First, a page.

PMC bank put under direction by RBI.
On September 21, the Deposit Insurance Credit Guarantee Corporation (DICGC) said it will pay account holders of banks placed under curbs – including a cap on withdrawals – an amount equivalent to their outstanding deposits up to a maximum of Rs 5 lakh within 90 days.
The announcement should have brought cheer to all customers of such banks, including two scam-hit ones among 21 insured lenders. The DICGC’s promise of payment in 90 days will ensure that customers of lenders and cooperative banks placed under restrictions for alleged wrongdoing get their money in a time-bound manner.
However, there’s a catch – the benefit is meant only for those with deposits of up to Rs 5 lakh. What about other depositors? In most cases, the number of depositors with deposits exceeding Rs 5 lakh will likely be small, but in terms of value, the amount could be significant.
There is no separate data available on the quantum of deposits above Rs 5 lakh in cooperative banks. Officials estimate this chunk will be sizeable in terms of value because many retired people deposit their money in cooperative banks, expecting better returns.
“This can be a major reason for worry, especially for retirees who have significantly higher savings in banks,” said Naresh Malhotra, a senior banker formerly with the State Bank of India. “This segment typically does not prefer to park money in volatile equities or illiquid real estate. For them, the Rs 5 lakh limit does not offer any relief.”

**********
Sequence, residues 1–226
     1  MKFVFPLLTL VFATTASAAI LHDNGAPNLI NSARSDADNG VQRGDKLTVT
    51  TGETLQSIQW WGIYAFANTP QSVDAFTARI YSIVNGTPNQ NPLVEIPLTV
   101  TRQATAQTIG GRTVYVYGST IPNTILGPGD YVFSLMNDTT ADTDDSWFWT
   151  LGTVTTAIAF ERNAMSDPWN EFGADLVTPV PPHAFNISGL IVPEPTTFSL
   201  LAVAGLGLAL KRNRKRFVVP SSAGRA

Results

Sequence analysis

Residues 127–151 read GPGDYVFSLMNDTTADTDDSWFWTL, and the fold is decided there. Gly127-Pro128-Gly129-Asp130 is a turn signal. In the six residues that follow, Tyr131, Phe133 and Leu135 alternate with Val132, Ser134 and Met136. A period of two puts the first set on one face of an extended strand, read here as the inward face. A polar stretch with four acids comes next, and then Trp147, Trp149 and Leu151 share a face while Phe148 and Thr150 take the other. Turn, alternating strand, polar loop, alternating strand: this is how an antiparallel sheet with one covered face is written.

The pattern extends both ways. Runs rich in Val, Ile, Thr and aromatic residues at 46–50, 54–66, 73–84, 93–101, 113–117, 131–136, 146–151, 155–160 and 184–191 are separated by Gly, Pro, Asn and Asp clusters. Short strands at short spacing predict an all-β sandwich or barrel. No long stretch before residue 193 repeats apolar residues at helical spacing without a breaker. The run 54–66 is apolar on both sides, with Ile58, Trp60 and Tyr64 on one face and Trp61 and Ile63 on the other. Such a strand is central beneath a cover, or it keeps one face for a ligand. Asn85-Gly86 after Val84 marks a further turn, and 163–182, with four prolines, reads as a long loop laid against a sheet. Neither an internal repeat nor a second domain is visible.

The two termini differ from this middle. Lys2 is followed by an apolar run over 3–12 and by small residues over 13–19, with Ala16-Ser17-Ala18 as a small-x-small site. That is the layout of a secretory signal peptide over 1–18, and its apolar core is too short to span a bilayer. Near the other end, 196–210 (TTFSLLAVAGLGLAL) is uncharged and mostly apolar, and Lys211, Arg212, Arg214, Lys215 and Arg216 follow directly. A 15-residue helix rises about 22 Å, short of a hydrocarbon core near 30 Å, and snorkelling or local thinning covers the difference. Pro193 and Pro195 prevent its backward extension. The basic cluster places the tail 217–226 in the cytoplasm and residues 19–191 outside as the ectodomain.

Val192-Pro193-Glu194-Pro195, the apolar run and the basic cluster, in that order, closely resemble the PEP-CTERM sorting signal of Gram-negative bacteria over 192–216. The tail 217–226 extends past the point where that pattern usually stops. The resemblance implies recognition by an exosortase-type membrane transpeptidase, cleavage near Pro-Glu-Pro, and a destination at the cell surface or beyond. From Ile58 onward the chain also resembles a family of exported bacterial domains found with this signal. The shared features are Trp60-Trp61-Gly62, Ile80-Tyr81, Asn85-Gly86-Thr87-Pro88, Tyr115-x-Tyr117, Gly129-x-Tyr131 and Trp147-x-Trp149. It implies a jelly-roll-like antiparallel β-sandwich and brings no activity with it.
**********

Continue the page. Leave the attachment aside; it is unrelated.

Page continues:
Retired people typically have funds of Rs 30 lakh and above, Malhotra explained. The figure could be higher for senior-level employees or those with income from multiple sources including the sale of assets. In the event of a bank failure, there is no assurance that high-value depositors will get refunds in a time bound manner.
Parliament passed the Deposit Insurance and Credit Guarantee Corporation (Amendment) Bill, 2021, in the monsoon session and the act was notified on August 27.
According to the government, with the latest amendment, deposit insurance coverage in India has gone up to 98.3 percent and the deposit value covered has risen to 50.9 percent against global levels of 80 percent and 20-30 percent, respectively.
However, these numbers may include Jan Dhan accounts, which are large in number but typically do not have high-value deposits. There were over 430 million Jan Dhan beneficiaries as of August 4, which together had Rs 1.43 lakh crore of deposits, according to official statistics.
The plan to increase the deposit cover was first announced in the 2020 Union Budget. DICGC collects premiums from banks to offer the cover. In the event of a bank collapse, DICGC compensates customers by providing the agreed amount.
The deposit insurance guarantee scheme was started in 1961 to ensure that depositors are guaranteed at least some amount in the event of a bank collapse. This amount was enhanced to Rs 1 lakh in 1993 from Rs 30,000.
The enhanced cover was for deposits in commercial banks, regional rural banks, local area banks and cooperative banks. Amounts beyond the cover would be forfeited in the rare event of a bank failure.